That’s right. Not everything you read in a blog—or a book—is true, a bit of mind-blowing advice that my dear friend Mark imparted to me back in college one day. I repeat it now to warn Wild Food Girl readers to:
- Use common sense when it comes to wild edibles.
- Identify plants correctly before trying them.
- Cross reference accounts of a plant’s edibility among several guides.
- Eat only a small amount at first.
- Eat greater quantities only when you are 100% certain of the plant’s edibility.
I have to admit I was less uninformed than I am now (still wanting of information) when I started blogging about wild edible plants at etmarciniec last year. I wrote about plants I found and ate in the wild and the books upon which I based my plant identifications and preparation methods, but at that point I wasn’t aware of any controversy over the quality of existent wild food guides. Then I read a section in Sam Thayer’s The Forager’s Harvest where he calls out some prominent wild food writers for advising people to eat toxic plants. Yikes.
Since then I’ve spent some time reviewing and updating my etmarciniec entries for, as Thayer calls them, “statements of questionable accuracy,” or for discrepancies between different authors’ accounts of a plant’s edibility. At the same time, I’m redoubling my efforts to make sure I do as he suggests and “cite the source for any opinions or observations that do not come from [my] own experience.” I may post revised etmarciniec entries here at Wild Food Girl at a later date, but for now I’m leaving my first 50 entries over there and adding an [edit date – reason] statement to the end of entries I change.
I’d also like to point out to readers that even my own positive experiences do not always prove a plant’s edibility beyond questionable doubt. Take field pennycress (Thlaspi arvense), for example. Based on what I’ve read in wild food guides about the edibility of pennycress seeds, I’ve eaten them on numerous occasions and experienced no ill effects. However, I’ve only eaten small amounts at a time. Come to find out that the glucosinolates in the plant have poisoned cattle after they consumed significant quantities, a fact which caused the Canada Biodiversity Information Facility to classify pennycress as toxic. (I added a statement to my original pennycress seed article at etmarciniec and plan to look into it further so I’ll keep you posted on findings.) In the meantime, however, please heed the abbreviated safety rules above when it comes to eating pennycress, and perhaps play it safe by only consuming the seeds in small quantities. (By the way, lest I paint a poor impression of the very useful genus Thlaspi, check out www.prodigalsun.org for information on pennycress’ potential as a biofuel feedstock that doesn’t hamper food production for humans).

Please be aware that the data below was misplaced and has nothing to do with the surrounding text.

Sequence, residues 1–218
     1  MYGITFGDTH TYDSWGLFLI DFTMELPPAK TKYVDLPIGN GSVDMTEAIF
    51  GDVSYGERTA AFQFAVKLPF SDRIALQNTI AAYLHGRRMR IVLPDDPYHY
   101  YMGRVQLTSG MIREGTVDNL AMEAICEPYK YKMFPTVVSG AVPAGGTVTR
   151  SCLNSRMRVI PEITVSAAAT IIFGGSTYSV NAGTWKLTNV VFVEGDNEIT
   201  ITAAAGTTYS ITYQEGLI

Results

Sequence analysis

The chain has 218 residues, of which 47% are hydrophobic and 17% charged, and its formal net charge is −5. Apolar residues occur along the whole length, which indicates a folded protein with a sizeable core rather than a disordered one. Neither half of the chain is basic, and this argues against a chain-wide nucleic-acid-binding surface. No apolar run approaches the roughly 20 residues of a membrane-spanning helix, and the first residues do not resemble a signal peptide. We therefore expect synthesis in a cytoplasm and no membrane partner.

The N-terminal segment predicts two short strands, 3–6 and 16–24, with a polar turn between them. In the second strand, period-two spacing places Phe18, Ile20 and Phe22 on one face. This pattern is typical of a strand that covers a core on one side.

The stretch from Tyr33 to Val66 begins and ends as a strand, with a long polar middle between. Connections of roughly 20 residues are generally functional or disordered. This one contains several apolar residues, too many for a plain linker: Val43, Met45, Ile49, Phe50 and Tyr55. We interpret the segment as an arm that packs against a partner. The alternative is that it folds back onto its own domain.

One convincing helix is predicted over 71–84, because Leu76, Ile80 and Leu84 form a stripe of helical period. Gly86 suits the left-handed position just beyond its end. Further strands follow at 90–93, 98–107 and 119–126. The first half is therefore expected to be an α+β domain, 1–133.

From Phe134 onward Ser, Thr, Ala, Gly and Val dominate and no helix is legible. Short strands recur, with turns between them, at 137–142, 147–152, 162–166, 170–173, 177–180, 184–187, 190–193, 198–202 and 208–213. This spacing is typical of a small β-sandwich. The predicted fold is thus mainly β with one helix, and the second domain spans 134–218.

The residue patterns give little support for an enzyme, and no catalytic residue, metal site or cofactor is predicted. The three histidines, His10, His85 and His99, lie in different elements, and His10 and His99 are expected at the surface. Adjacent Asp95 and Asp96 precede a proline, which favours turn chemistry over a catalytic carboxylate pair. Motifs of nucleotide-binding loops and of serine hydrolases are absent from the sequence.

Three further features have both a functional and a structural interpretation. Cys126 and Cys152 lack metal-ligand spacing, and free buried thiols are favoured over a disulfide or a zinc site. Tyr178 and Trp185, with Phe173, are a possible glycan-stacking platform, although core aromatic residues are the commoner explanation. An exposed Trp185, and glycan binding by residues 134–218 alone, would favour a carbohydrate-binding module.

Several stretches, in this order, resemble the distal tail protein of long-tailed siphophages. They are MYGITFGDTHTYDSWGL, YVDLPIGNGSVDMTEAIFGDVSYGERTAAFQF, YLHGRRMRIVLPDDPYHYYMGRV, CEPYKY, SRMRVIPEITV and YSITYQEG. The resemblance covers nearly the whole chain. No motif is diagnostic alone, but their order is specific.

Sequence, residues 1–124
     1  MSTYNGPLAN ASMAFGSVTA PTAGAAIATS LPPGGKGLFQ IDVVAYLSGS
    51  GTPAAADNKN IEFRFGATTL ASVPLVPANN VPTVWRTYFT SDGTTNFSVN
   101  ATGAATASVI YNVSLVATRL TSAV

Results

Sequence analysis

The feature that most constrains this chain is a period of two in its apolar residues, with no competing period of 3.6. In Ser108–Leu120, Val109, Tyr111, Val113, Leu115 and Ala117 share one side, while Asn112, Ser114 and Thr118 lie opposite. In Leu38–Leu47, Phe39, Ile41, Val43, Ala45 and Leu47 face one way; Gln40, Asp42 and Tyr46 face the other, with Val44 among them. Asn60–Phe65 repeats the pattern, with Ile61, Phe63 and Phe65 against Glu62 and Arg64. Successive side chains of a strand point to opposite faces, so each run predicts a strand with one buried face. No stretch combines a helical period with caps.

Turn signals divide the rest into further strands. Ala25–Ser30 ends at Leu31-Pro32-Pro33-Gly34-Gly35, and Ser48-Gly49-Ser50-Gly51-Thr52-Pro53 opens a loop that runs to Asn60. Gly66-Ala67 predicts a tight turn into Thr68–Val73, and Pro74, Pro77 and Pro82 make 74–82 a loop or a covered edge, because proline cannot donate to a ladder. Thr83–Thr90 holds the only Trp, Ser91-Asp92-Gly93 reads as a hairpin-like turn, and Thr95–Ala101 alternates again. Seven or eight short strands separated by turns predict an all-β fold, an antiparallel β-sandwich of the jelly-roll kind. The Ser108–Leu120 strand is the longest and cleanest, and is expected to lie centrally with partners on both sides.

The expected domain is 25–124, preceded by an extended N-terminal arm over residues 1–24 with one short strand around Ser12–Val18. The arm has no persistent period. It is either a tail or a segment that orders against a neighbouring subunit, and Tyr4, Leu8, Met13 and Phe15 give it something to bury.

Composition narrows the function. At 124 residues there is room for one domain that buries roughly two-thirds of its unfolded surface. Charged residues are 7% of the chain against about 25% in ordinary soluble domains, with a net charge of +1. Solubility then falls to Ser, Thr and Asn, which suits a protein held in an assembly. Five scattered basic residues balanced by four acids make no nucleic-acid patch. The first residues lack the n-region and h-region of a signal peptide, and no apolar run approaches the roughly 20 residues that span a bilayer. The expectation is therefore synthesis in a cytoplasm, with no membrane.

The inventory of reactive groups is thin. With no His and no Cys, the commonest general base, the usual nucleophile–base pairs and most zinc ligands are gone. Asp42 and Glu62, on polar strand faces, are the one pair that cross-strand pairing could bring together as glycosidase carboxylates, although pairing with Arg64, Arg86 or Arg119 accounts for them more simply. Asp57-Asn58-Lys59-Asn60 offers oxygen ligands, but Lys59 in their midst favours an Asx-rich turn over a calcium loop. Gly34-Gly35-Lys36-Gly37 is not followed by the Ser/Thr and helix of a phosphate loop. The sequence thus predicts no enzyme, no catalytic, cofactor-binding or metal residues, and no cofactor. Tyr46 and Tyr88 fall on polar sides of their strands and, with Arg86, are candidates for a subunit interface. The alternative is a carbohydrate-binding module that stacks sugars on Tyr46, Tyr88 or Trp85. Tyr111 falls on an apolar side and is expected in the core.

Whatever you do, know that it is good practice to think twice or even 3x about everything you read (or write)–and that includes my writing. Check back for updates before passing information along. And if you have any doubts or questions, please contact me, or better yet, help get this community talking by submitting comments or questions in the reply forms following each post.